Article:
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Many more public hospitals probably will end the year in the red, said Larry Gage, president of the National Association of Public Hospitals and Health Systems. "For some, the situation is even more dire, with projected losses potentially reaching tens of millions of dollars next year," he added.
Federally funded community health centers, first created in the 1960s, have long been a mainstay of the safety net. Annual funding almost doubled in the last decade, to about $2 billion. In many towns, hospitals and health departments have abdicated patients to these clinics.
"We've held our own for the past several years," said Craig Kennedy, an official with the National Association of Community Health Centers. "But we're facing the worst difficulties we've seen in quite some time."
Health departments are another piece of the safety net. Most aim at disease prevention, like vaccine clinics, restaurant inspections and tuberculosis-monitoring to make sure patients take their medicine. About 10 percent offer full-service clinics, partly because that brings in some income, whether it's cash or Medicaid reimbursement.
But many are looking at cutting services, or restricting what they pay for.
Northern California's Santa Cruz Health Department likely will cut as many as 30 of its 150 jobs this year. The department -- which manages state and local funds for indigent care -- also stopped paying for such things as joint replacements and cataract surgery.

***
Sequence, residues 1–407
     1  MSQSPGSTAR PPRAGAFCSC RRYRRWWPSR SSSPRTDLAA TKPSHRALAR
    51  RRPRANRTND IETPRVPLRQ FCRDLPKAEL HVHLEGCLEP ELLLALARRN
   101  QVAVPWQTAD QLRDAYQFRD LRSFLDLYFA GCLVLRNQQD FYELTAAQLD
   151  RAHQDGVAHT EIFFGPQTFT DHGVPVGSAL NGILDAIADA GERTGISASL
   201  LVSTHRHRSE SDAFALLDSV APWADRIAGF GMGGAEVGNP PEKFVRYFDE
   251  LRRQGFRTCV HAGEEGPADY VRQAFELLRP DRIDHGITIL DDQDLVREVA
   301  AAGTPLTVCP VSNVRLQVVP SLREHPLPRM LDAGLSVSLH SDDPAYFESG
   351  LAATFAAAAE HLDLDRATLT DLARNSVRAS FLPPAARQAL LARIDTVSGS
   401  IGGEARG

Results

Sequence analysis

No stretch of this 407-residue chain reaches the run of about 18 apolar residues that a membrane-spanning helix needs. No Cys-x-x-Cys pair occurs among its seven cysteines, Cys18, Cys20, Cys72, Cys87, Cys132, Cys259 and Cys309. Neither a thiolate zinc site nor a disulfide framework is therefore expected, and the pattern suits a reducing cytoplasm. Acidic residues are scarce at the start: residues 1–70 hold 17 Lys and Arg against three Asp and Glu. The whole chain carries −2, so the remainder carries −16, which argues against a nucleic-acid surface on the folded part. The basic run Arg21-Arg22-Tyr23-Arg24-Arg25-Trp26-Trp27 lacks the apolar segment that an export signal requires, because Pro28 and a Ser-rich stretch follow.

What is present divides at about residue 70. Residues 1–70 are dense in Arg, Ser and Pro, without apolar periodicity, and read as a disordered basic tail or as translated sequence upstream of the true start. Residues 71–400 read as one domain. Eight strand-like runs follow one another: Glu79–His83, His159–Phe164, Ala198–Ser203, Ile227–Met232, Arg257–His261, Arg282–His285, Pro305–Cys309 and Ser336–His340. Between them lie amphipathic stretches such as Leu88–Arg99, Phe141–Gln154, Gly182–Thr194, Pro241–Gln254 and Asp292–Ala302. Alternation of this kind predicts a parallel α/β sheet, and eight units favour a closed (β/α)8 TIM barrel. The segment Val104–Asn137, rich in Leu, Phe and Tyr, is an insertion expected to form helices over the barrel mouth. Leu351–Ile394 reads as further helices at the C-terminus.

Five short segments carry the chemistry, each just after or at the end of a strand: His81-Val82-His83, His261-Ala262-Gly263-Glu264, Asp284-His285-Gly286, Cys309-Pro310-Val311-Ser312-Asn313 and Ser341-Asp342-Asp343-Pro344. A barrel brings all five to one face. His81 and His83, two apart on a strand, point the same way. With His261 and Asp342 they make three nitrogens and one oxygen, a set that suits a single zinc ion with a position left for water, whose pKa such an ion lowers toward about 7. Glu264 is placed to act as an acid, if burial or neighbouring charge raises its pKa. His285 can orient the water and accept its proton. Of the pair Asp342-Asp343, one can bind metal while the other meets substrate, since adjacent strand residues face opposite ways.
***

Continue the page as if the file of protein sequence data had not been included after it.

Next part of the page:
"They're all wrenching decisions," said Dr. Poki Namkung, the department's director. "It's not the level of services people would expect to have in a civilized country."
Last year, health departments cut 11,000 jobs and this year expect to shed another 10,000, according to a report this week by Trust for America's Health, a research group.
Some health departments have been getting out of the patient care business. In Georgia, the suburban DeKalb County Board of Health treated patients for a dozen years at two clinics. That ended in September, in part because the state's Medicaid HMO system quit paying for care at health departments.
The department is now referring its previous patients to nearby community health centers. That's how Kordie Green ended up at Jeffrey Taylor's Stone Mountain clinic one morning this week.
It's hard to find a doctor, especially an attentive one, when you don't have good health coverage, said Green, 52, an uninsured child care worker who needs a continuing prescription for a thyroid condition.
"You want someone to take the time to see you and take the time to explain what's going on with you," she said.
On the Net:
National Association of Community Health Centers: http://www.nachc.com/
American Public Health Association: http://www.apha.org/
Copyright 2009 The Associated Press. All rights reserved. This material may not be published, broadcast, rewritten or redistributed.
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